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Gideon Falls vol 1: The Black Barn s/c

Gideon Falls vol 1: The Black Barn s/c Gideon Falls vol 1: The Black Barn s/c Gideon Falls vol 1: The Black Barn s/c

Gideon Falls vol 1: The Black Barn s/c back

Jeff Lemire & Andrea Sorrentino, Dave Stewart


Page 45 Review by Jonathan

"Actually, Mrs. Tremblay... there is one thing."
"Of course, Father. Anything."
"In all the rush to get to Gideon Falls, I don't think the Bishop ever told me... how did Father Tom die?"
"Oh. I... I had thought you would have known."
"No. Was it his heart?"
"I... I'd rather not talk about it."

Hmm... I have a sneaking suspicion that wasn't an accidental omission on the Bishop's part, the lack of details on the sudden demise of Father Tom. Still, Father Wilfred has now arrived in the rural, backwater town of Gideon Falls, against his wishes, to take up the suddenly vacant position of their pastor. He'd have preferred to remain in the seminary, teaching, but the Bishop felt he was the man to answer the call so off he went.

What precisely Father Fred, as he likes to be known, or indeed Gideon Falls, has to do with the lunatic Norton obsessively cataloguing and cross-referencing specific pieces of garbage across the distant, big city we will gradually learn. We see Norton interacting with and deceiving his therapist, in a bid to avoid being sectioned again, but it would seem, to him at least, that he senses the presence of something or someone he regards as evil incarnate in the vicinity.

Norton's collection of disparate refuse is not remotely random, either, to him, for he senses a common source to his slivers of wood, rusty nails, shards of glass and bent hinges, which he unerringly homes in on, however implausible that seems. The disturbing thought occurred as I read the very first issue that Norton was finding all the components you might expect to compose a door... In that respect I was... partly... correct. Though much like Norton I had an incomplete grasp of matters...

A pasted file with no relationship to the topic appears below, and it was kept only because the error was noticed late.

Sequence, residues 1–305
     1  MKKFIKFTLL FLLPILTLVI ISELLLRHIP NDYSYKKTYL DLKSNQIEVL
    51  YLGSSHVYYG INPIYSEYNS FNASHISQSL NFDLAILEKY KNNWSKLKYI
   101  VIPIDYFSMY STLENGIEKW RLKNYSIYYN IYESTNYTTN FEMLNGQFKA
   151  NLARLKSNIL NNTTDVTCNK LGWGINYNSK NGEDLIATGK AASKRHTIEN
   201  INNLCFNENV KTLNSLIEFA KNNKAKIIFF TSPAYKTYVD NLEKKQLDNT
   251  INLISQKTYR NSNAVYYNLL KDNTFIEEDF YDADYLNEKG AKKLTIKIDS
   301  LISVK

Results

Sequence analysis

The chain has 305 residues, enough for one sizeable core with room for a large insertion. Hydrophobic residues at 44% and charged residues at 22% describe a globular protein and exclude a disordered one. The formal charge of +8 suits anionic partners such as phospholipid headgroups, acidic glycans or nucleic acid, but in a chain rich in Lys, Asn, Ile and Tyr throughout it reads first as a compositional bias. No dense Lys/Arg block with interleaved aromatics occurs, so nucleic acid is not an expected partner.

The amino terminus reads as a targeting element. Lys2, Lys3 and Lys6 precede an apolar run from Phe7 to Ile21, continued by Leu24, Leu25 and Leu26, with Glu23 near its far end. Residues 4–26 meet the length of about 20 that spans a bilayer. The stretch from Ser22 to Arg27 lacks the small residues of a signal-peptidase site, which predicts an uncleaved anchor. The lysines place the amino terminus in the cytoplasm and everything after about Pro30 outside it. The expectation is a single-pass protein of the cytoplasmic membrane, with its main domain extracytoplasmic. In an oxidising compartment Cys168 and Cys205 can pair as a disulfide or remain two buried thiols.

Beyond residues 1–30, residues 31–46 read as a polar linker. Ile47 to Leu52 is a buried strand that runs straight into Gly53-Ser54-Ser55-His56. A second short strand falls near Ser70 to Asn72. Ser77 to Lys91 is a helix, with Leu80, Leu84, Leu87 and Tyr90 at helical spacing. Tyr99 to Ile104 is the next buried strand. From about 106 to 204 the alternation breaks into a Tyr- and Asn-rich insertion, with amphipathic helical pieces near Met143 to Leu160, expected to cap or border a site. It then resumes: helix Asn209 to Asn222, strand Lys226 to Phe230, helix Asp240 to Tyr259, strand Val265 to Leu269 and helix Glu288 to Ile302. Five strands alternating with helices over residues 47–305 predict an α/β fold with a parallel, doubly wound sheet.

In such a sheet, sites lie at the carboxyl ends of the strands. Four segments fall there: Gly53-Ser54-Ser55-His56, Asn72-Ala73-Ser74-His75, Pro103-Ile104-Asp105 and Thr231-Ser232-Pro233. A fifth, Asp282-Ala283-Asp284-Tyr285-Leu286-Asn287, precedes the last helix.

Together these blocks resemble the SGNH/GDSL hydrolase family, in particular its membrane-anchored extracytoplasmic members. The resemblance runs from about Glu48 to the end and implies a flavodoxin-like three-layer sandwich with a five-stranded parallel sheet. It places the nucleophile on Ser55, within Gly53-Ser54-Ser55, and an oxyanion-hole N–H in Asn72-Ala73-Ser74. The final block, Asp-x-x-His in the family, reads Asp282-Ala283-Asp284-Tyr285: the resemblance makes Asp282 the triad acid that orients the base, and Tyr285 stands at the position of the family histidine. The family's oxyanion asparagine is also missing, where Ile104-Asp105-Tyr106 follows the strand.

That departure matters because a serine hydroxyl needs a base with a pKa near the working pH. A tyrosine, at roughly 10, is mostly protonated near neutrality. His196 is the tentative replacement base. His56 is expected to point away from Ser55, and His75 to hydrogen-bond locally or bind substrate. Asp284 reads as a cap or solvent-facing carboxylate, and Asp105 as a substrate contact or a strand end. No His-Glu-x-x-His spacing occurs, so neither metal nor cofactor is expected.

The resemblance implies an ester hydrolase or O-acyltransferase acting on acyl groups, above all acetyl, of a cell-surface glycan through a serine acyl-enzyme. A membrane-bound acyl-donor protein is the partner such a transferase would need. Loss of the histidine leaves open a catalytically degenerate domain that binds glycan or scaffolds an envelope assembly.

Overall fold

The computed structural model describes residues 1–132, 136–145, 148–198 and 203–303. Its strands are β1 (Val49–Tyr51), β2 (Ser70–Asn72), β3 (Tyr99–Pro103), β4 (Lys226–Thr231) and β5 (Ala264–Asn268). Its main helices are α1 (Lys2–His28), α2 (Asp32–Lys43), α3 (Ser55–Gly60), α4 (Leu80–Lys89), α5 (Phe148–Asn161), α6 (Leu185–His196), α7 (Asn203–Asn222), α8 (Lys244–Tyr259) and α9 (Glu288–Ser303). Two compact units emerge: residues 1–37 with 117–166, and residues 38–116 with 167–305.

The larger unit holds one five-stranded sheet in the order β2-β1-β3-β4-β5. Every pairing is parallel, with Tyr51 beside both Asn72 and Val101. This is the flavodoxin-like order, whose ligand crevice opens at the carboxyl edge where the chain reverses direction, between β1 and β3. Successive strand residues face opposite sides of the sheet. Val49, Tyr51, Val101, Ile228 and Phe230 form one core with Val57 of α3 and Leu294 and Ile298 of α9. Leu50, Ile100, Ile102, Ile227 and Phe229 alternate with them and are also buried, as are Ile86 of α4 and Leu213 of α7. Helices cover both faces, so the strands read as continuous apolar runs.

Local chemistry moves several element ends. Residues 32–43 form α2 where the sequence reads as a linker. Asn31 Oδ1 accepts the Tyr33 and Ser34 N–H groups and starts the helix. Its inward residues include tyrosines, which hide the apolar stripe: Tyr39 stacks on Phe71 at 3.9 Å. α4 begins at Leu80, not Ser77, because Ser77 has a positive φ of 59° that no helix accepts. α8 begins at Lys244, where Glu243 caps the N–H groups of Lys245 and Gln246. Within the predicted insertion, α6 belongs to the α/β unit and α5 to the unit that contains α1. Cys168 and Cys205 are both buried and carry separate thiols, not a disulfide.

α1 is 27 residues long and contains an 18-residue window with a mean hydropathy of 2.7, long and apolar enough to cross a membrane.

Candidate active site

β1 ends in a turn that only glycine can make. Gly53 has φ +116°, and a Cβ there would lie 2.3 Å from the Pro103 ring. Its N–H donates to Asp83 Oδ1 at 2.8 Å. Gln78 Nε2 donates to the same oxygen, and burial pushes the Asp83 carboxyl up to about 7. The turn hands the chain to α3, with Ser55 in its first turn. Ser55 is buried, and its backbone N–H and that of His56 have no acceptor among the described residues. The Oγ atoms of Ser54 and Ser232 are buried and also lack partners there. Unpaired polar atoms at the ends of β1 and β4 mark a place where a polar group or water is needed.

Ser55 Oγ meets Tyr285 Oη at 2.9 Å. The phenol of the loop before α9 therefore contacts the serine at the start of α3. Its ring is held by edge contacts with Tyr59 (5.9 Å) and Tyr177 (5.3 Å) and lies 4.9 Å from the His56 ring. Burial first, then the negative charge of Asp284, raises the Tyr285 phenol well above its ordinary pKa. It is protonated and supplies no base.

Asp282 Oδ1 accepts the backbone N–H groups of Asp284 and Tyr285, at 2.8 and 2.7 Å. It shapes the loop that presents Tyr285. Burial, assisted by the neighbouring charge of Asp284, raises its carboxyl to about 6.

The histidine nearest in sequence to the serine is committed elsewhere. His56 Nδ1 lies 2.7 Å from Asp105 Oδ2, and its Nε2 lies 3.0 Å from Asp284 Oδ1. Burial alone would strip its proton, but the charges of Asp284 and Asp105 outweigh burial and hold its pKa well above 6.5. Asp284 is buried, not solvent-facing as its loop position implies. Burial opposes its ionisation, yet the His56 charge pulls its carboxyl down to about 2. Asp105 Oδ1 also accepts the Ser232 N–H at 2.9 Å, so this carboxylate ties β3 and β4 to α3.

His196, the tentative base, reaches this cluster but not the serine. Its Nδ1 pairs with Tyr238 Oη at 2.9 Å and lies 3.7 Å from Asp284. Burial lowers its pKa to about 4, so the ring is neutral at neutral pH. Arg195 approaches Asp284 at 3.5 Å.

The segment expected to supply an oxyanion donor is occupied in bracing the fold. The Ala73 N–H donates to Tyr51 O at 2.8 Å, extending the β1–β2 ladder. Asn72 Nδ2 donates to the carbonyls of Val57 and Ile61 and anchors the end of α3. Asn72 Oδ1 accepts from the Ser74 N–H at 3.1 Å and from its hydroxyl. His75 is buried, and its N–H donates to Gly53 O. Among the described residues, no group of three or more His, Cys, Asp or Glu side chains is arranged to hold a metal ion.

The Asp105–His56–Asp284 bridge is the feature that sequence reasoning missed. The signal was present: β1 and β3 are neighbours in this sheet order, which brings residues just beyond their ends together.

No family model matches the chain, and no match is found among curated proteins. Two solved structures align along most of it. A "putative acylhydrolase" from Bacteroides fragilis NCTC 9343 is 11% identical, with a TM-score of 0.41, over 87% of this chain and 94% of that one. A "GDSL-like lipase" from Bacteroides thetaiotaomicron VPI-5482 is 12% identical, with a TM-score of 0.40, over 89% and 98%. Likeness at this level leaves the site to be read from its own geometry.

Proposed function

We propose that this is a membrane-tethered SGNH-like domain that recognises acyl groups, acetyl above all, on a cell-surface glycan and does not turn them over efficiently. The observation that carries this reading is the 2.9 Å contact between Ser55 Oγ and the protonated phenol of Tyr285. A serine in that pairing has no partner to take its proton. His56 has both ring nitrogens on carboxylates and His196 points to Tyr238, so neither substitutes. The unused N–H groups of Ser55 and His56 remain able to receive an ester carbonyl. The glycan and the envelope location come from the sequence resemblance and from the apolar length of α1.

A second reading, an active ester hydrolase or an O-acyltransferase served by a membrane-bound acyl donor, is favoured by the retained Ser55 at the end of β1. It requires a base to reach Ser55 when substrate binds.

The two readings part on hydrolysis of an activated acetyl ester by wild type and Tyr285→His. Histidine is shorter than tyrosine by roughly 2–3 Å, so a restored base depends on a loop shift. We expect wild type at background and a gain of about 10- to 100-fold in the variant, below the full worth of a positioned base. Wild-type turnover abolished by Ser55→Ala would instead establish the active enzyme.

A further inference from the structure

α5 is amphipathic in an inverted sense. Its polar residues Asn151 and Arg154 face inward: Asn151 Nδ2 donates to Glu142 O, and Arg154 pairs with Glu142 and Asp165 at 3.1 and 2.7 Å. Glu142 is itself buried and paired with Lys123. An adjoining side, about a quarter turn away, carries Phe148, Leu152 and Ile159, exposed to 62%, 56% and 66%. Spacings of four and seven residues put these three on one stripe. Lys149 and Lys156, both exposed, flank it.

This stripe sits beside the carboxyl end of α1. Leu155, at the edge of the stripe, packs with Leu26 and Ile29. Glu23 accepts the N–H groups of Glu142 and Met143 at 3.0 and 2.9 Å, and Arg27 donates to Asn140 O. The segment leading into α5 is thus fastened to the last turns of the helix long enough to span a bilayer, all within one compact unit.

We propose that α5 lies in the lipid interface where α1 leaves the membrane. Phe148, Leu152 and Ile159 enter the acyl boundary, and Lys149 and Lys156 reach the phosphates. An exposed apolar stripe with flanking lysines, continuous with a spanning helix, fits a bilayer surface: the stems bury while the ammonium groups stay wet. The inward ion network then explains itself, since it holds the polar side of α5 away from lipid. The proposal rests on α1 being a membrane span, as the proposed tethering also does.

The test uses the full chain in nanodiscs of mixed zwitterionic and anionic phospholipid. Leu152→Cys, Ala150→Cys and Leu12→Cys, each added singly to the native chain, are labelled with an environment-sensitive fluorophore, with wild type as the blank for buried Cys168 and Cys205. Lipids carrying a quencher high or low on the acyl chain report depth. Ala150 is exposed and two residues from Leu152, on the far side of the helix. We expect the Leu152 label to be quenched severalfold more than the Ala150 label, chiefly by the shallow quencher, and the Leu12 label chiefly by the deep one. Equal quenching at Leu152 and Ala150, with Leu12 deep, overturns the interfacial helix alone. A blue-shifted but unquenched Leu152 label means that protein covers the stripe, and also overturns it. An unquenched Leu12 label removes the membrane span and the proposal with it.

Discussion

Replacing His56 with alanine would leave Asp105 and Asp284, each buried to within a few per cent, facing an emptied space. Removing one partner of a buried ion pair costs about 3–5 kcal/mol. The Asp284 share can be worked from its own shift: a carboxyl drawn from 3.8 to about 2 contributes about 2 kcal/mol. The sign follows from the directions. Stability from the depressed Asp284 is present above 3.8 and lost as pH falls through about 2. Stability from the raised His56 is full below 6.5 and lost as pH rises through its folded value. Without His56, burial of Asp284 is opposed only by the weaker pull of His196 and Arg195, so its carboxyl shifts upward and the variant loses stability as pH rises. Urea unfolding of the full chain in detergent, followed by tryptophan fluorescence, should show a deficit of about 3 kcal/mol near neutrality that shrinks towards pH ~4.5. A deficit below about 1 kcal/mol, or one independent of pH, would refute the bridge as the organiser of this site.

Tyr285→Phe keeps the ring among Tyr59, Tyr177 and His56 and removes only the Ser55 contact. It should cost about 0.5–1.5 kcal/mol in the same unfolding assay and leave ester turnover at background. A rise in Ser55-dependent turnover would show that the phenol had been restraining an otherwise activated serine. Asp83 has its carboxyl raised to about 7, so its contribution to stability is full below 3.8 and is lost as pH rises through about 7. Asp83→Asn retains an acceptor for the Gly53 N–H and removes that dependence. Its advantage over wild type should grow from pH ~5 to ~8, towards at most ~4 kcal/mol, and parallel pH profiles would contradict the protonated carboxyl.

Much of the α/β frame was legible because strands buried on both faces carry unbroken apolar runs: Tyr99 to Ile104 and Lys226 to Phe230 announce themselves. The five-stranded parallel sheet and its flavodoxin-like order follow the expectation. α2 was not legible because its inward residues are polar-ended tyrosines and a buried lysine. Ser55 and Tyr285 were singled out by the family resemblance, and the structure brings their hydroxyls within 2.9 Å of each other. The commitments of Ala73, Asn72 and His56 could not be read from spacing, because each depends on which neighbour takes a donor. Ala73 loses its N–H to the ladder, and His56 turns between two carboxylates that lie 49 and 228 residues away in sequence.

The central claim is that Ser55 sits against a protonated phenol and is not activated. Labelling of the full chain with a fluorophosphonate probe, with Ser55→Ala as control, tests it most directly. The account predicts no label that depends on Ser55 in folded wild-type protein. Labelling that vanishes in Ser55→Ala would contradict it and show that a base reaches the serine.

Yes, mystery, murder and suspense abound, both in the urban environment and the dusty countryside, plus most certainly within the pages of this comic book. And horror, genuine blood-curdling horror too. For Father Tom's death isn't the only one in Gideon Falls by the time this opening salvo concludes.

So, what are we, the readers left with? An absolute mystery. What is the connection or connections, between the places and / or the protagonists? We'll learn some answers by the end of this first volume, including one truly heartbreaking one, but there's so much left to be revealed...

Andrea Sorrentino, probably best known for his gritty, fine linework on Lemire's reprise of OLD MAN LOGAN is an ideal foil for such a tense, taut story that slides straight into psychologically perturbing territory right from the off like the veritable knife between the ribs. His panel and page composition in the Norton sequences particularly - complete with several spectacular double-page spreads, one featuring a mind-bending fish-eye lens effect and another a collage of scattered Polaroids over a time-lapsed, anguished Norton rocking in a chair against a cityscape - plus inverted pages and crafty use of symmetry contribute immensely to the disorientating, fractured feel and a very rapidly building sense of unease.

Then, when the spine goes from mild tingling to collapsing in complete terror back in Gideon Falls, with immense amounts of the colour red involved, I had a strong suspicion I recognised the exact shade from BPRD and BALTIMORE, and yes indeed, it is Dave Stewart providing the colour palette in his own inimitable fashion. It's a sure sign you've probably read too many comics when you can identify a colourist from just one colour... He also seems to have employed a vertical texturing technique on practically every section of black shading which is also cumulatively... troubling... to the eye, and mind... in an artistically positive sense, as if something is persistently scratching away at what you are experiencing. Spooky. And then some.